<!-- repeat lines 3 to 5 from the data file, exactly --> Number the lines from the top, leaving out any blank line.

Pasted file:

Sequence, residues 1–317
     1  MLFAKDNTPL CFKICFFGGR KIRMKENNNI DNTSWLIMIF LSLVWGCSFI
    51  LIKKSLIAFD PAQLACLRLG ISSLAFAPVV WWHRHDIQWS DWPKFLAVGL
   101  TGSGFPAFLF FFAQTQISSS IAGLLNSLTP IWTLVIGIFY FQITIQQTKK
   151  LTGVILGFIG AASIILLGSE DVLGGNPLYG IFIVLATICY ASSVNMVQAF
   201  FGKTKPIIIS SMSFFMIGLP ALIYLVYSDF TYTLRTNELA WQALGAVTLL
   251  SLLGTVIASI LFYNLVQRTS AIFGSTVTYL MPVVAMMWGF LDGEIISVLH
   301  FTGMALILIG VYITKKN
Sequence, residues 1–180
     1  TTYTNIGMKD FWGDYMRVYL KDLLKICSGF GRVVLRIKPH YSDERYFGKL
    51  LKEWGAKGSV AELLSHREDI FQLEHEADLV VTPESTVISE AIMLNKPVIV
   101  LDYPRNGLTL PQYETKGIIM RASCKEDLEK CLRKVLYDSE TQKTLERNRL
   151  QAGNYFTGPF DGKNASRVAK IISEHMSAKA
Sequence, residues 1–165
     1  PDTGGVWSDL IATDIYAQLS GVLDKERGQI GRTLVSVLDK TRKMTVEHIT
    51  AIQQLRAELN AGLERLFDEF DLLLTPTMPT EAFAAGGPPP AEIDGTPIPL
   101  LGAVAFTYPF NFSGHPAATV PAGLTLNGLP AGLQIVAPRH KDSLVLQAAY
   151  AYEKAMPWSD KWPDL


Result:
    51  LIKKSLIAFD PAQLACLRLG ISSLAFAPVV WWHRHDIQWS DWPKFLAVGL
   101  TGSGFPAFLF FFAQTQISSS IAGLLNSLTP IWTLVIGIFY FQITIQQTKK
   151  LTGVILGFIG AASIILLGSE DVLGGNPLYG IFIVLATICY ASSVNMVQAF